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Physical therapy may beat surgery for carpal tunnel treatment

The painful condition is linked to nearly half of all workplace injuries

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Look around any office and you'll likely find workers wearing wrist splints to help them deal with carpal tunnel syndrome, the painful condition that's often linked to too much time at the keyboard.

Many patients resort to surgery to get relief, but a new study conducted in Spain and the United States finds that physical therapy is just as effective as surgery.

Researchers report that one year following treatment, patients with carpal tunnel syndrome who received physical therapy achieved results comparable to outcomes for patients who had surgery -- and physical therapy patients saw faster improvements at the one-month mark than did patients treated surgically.

Repetitive motions

The syndrome results from repetitive motions, like typing and assembly-line work. It causes pain, numbness, and weakness in the wrist and hand and is linked to nearly half of all work-related injuries.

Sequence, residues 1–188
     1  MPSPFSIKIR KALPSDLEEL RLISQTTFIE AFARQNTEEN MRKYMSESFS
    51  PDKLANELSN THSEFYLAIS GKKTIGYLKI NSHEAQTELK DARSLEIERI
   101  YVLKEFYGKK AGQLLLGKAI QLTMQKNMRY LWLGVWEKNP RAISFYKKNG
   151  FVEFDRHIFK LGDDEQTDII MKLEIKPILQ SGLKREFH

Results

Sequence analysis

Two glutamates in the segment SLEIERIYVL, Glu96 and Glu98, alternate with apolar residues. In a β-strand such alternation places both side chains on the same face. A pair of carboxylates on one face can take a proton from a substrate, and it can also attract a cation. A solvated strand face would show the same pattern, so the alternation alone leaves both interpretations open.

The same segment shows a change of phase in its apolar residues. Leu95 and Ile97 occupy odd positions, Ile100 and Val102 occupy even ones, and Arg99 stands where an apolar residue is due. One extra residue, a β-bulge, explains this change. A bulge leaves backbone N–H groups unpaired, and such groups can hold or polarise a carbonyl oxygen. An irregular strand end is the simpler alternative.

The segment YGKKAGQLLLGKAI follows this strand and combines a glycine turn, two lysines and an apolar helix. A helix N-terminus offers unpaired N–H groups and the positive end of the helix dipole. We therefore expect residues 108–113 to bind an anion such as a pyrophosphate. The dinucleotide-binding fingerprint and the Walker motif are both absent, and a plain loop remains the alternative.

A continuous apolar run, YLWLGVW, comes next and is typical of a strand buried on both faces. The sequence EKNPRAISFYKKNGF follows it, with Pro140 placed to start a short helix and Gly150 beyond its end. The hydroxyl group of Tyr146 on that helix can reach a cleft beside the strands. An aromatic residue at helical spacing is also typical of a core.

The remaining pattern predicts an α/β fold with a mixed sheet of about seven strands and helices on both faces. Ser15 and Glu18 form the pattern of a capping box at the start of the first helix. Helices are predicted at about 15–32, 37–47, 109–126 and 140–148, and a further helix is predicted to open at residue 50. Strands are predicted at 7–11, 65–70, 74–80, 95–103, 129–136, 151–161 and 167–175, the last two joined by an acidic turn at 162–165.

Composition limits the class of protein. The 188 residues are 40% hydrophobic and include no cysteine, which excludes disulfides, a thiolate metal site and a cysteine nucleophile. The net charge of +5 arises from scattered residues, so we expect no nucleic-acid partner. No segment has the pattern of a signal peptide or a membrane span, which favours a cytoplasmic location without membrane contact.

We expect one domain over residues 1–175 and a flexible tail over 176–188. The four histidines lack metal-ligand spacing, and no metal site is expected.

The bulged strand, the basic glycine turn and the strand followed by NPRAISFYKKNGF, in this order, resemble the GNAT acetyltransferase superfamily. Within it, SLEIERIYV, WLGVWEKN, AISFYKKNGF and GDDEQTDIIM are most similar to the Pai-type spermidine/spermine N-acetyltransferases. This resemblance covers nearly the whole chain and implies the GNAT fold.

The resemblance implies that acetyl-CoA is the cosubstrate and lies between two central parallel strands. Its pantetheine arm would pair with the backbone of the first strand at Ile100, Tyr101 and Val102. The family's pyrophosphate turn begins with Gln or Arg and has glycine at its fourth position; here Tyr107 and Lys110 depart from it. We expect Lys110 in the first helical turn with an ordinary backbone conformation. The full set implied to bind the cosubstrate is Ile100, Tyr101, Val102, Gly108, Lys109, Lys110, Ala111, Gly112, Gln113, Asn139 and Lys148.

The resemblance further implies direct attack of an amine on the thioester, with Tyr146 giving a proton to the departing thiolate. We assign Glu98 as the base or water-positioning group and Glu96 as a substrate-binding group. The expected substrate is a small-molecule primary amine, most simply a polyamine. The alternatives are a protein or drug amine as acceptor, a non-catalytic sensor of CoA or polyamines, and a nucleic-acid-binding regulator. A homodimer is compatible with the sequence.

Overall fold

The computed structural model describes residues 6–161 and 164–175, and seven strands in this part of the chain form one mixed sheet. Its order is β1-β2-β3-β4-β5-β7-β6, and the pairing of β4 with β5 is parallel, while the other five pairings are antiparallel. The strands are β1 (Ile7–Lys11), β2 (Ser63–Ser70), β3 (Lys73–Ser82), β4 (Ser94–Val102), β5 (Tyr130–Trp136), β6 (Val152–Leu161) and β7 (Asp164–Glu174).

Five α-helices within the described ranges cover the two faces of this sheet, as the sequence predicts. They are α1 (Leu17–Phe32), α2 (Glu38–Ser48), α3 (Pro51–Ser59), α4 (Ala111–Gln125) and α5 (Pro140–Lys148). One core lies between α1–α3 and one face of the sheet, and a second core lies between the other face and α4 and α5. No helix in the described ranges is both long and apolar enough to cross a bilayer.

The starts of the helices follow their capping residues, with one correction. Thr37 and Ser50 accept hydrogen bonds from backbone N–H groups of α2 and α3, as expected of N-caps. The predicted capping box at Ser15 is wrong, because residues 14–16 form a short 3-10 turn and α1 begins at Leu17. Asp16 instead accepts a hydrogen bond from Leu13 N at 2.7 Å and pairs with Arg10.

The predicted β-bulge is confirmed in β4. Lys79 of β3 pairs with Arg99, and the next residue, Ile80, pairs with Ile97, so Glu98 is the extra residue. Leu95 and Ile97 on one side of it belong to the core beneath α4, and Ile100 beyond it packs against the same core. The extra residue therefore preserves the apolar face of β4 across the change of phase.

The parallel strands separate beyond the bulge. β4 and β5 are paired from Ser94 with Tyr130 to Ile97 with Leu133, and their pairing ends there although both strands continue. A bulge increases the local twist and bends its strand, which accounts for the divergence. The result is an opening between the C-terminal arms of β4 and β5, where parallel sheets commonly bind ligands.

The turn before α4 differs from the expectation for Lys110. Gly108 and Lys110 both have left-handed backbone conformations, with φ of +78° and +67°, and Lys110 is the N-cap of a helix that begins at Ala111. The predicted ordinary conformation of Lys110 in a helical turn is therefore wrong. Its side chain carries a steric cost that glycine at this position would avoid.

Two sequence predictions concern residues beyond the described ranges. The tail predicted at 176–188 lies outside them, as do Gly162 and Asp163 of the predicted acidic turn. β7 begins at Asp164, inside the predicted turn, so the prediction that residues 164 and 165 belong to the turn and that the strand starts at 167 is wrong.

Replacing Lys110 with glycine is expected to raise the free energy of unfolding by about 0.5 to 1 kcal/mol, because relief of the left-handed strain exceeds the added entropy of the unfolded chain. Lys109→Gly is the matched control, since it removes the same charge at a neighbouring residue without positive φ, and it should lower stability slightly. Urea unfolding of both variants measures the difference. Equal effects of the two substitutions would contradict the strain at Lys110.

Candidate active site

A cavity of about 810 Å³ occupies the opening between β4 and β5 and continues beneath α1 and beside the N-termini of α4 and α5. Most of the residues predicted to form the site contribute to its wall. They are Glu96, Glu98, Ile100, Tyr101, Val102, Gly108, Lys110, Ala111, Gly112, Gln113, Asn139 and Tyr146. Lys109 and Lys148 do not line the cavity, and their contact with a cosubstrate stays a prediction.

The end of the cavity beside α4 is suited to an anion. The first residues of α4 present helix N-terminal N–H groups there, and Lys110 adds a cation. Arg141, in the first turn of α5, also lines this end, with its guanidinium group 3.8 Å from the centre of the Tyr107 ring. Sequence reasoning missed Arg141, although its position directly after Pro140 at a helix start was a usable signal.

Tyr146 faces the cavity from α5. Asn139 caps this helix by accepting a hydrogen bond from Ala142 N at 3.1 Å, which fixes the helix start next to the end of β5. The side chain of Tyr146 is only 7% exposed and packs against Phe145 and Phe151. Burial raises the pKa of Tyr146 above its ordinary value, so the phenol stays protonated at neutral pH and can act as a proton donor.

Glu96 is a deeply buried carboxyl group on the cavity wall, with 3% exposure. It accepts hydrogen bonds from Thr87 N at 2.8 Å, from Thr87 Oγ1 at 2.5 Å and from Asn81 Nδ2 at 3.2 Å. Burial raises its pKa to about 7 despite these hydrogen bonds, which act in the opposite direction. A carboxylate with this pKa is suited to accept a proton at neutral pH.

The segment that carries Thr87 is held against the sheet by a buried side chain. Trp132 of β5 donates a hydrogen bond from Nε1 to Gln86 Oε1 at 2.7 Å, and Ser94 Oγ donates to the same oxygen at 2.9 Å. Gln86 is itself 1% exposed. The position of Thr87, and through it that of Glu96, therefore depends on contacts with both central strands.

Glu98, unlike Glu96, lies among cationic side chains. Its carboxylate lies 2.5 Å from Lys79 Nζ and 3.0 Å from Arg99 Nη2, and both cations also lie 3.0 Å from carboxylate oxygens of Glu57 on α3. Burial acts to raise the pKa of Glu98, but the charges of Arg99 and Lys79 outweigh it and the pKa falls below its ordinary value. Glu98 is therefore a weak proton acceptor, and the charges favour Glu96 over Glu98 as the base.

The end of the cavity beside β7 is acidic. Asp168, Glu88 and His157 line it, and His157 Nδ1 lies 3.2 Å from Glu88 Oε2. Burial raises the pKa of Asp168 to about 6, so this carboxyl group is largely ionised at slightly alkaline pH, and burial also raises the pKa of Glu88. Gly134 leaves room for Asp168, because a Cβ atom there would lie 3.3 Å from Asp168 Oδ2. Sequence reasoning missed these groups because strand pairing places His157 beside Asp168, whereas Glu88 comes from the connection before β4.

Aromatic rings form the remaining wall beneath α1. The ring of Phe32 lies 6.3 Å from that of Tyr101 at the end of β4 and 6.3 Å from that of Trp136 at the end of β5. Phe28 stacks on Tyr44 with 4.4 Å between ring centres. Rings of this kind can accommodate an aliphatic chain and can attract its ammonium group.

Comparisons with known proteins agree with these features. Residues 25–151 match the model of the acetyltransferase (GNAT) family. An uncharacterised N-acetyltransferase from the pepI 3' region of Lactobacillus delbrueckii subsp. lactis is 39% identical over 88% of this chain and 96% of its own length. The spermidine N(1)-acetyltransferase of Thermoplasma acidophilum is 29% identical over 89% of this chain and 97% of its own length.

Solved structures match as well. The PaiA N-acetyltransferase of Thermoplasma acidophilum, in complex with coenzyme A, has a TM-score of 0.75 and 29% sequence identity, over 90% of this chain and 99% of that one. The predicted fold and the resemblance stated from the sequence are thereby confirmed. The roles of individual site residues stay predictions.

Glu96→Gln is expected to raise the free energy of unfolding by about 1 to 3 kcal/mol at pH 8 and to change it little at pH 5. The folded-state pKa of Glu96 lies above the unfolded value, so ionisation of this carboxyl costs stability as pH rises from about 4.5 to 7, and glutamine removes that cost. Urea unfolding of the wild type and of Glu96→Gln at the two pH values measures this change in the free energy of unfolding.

Although surgery may be considered when the symptoms are severe, more than a third of patients do not return to work within eight weeks after the operation.

The study demonstrates that physical therapy -- particularly a combination of manual therapy of the neck and median nerve and stretching exercises -- may be preferable to surgery, certainly as a starting point for treatment.

"Conservative treatment may be an intervention option for patients with carpal tunnel syndrome as a first line of management prior to or instead of surgery," says lead author César Fernández de las Peñas, PT, PhD, DMSc, with the Department of Physical Therapy, Occupational Therapy, Rehabilitation, and Physical Medicine at Universidad Rey Juan Carlos, Alcorcón, Spain.

The full study is published in the Journal of Orthopaedic & Sports Physical Therapy.

What to do

Editor's note:  This story summarizes a recent healthcare study. Many such studies are conducted each year and some may reach different conclusions. A single study does not form the basis for changing the course of treatment.

You should not make any decisions solely on the basis of this or any other news story, advertisement, or social media posting. Only your physician can advise you.

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